Having DJ-ed early on in my music-loving career, then working in connection with the music industry for over two decades and now branching into the medium of radio, I can say that sound has always been an important part of my adult life. So it’s no surprise that of the extensive program at this year’s Perth International Arts Festival, the heavily aural-based production The Encounter stood out as a must-see.
The show’s synopsis looked interesting: about a journey by National Geographic photographer Loren McIntyre who gets lost in a remote Amazon rainforest while searching for a certain Brazilian tribes-people, his story narrated by an English guy named Richard Katz through the use of spoken word, sound effects and occasional movement on stage.
The main selling point of the show is the ‘3D sound’ factor, where each audience member is equipped with a set of headphones to experience the audio in surround sound. The pair of phones linked to each seat look humble enough – a bit like those cheap ones you get when boarding an economy flight on Qantas, in fact. But, boy, do they deliver crisp, clear audio.
At first, the tactic works wonderfully well, with Katz arriving on stage to announce a “slight technical problem”, promising that the show would soon start. Soon enough, as he is filling in time, indeed talking about the illusion of time and space, the audience eventually realises that the show had started as soon as he set foot on stage, only adding to Katz’s dialogue about the real versus the unreal.
The sound production is of such high quality that when Katz whispers into the ‘ear’ of a dummy-head on stage, you sense as though he is leering over your shoulder, whispering to you directly. There is also the clever use of heat pads on each headset which warm up when Katz gives a scripted cue to engineers at the back of the room – all four of them busy in the dark, twiddling knobs like ardent NASA engineers, pushing echo pedals to help build textured layers of audio bliss.
But bliss eventually turns to discomfort when, one hour into the show, Katz is still narrating the tale of a photographer lost deep in the Amazon, the same tricks of echoing and layering being utilised (their novelty factor lost by now), and nothing fantastically or drastically altered in the narrative.
Not only did it start to sound same-ol’, same-ol’ to this particular patron, but I began to feel somewhat claustrophobic, aching to break away with a trip to the bar or to the toilet (not even to pee, only to stretch my legs and maybe sense some real noise outside). But even though everybody else in the theatre was wearing headphones, I felt uncomfortable getting up to take a break from this (almost) two-hour-long subjugation to contrived sonics.
When I did finally get up the courage to leave my seat and step outside, I was told there was a lockout policy and that I couldn’t go back in to see the end of the show. So who knows how this thing ended. Did Katz finally flash some images up on the big screen behind him so as to add colour to a story that was beginning to sound too dull and grey? (To me, at least). Did the protagonist in the tale finally decide to escape the entrapment of the jungle just as I’d managed to escape the entrapment of someone else’s ardent performance art?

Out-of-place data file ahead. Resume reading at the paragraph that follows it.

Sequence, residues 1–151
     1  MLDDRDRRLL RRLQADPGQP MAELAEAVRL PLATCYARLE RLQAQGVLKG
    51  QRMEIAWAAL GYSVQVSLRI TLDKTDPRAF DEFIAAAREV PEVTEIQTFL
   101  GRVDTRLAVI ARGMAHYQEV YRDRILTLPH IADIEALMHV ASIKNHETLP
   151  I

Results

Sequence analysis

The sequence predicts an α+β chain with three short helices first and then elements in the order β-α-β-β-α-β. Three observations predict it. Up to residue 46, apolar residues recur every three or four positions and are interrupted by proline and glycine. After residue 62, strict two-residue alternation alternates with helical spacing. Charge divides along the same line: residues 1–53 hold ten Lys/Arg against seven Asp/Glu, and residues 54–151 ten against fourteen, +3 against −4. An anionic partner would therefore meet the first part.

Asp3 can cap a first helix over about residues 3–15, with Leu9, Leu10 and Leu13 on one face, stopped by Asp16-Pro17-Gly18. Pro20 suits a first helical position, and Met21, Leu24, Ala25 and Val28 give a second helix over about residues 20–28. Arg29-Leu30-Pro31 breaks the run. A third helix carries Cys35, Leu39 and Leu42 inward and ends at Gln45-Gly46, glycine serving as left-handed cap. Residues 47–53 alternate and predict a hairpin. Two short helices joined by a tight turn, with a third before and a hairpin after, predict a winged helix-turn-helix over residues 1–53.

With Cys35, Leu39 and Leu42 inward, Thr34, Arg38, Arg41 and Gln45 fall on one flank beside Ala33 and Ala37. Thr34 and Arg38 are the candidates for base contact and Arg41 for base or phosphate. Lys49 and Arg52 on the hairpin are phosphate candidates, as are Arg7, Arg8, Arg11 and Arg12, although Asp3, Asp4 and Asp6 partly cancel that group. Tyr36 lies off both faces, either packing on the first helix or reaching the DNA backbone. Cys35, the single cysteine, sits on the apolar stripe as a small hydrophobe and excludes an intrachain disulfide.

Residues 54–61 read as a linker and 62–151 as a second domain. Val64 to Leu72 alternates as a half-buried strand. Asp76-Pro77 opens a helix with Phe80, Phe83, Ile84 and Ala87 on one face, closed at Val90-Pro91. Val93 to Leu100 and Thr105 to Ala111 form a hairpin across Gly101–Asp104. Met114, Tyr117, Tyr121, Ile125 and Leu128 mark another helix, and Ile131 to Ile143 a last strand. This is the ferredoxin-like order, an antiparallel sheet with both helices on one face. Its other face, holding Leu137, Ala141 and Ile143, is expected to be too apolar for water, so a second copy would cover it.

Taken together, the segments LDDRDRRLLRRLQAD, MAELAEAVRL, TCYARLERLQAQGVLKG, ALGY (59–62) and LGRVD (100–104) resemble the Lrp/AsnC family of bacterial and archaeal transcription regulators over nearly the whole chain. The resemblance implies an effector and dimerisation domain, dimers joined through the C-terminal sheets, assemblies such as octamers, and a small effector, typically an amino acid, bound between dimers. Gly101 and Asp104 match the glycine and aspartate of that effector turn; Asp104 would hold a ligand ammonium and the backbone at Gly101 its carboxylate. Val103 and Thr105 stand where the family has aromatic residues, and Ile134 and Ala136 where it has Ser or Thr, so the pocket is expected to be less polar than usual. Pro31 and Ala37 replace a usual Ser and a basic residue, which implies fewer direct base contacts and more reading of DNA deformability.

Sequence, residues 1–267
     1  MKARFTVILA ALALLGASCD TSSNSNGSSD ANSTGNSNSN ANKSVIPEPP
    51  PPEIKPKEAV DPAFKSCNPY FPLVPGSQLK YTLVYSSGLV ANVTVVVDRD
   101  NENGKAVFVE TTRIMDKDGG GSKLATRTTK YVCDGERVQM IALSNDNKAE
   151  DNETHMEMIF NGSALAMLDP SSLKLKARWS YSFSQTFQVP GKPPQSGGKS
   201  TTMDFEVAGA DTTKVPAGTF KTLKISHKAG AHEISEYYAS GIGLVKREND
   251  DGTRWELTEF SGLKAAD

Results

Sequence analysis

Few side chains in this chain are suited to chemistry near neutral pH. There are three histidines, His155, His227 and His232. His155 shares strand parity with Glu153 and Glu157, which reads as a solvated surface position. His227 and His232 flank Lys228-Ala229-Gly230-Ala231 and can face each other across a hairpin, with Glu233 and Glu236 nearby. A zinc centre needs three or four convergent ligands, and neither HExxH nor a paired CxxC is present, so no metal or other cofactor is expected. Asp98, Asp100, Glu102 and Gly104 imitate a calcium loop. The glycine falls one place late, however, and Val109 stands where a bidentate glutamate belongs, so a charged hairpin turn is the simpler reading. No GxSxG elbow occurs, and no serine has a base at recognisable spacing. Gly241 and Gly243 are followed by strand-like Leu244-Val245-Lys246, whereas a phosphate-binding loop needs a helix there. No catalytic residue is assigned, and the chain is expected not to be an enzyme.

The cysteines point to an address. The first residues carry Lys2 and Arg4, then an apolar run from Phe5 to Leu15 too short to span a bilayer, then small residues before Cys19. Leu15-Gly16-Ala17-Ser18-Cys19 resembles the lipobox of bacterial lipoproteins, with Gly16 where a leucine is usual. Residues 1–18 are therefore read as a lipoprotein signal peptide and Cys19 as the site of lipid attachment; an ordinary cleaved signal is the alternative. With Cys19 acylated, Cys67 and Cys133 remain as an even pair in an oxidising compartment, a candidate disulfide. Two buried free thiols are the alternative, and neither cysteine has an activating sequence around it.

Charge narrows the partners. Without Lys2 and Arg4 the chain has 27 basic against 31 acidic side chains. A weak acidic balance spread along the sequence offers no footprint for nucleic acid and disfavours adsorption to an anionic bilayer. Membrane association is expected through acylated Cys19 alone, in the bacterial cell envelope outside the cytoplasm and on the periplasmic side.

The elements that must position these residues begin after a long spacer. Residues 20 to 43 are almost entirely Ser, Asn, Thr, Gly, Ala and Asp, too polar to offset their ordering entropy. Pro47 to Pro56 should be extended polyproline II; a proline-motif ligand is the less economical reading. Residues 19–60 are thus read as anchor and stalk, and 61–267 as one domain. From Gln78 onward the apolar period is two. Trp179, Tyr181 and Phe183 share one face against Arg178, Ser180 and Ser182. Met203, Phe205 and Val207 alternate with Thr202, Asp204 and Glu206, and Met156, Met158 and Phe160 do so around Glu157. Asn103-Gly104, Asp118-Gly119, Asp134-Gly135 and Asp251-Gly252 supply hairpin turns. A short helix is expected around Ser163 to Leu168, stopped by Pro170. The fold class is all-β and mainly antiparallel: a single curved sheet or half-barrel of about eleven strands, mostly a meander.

The Encounter has garnered a lot of praise from critics and public alike for its clever technique of immersing the audience into the heart of the story, per se. But to be honest, I’ve heard this kind of stuff before. Having been a fan of spoken word artist, Laurie Anderson, for a long time now, I can tell you, Laurie has not only been sharing stories about faraway tribes using clever audio trickery (indeed, she invented the device Katz uses to alter the sound of his voice to a deeper level), she manages to keep her audience interested by delivering a variety of shorter anecdotes in the one variety hour or so, not subject us to a two-hour plot in the same place with the same dude running around taking the same ‘pictures’ that I never got to see.
Perhaps those people fascinated by The Encounter have never heard of Laurie Anderson. Or Meredith Monk, William Burroughs, Henry Rollins, or any one of the brilliant storytellers who manage (or ‘managed’ in Burroughs case) to bridge eco commentary with critique of our contemporary age ever-so brilliantly.
My suggestion? Save the $85 that The Encounter would cost you and buy four CDs of the aforementioned artists instead. At least then you can take your headphones off whenever you like to get up and take a break. Antonino Tati
‘The Encounter’ is on at His Majesty’s Theatre as part of the Perth International Arts Festival until Saturday 25th February, from 8pm nightly.
There is also a matinee on Wednesday 22nd February at 2pm. The show goes for two hours with no interval.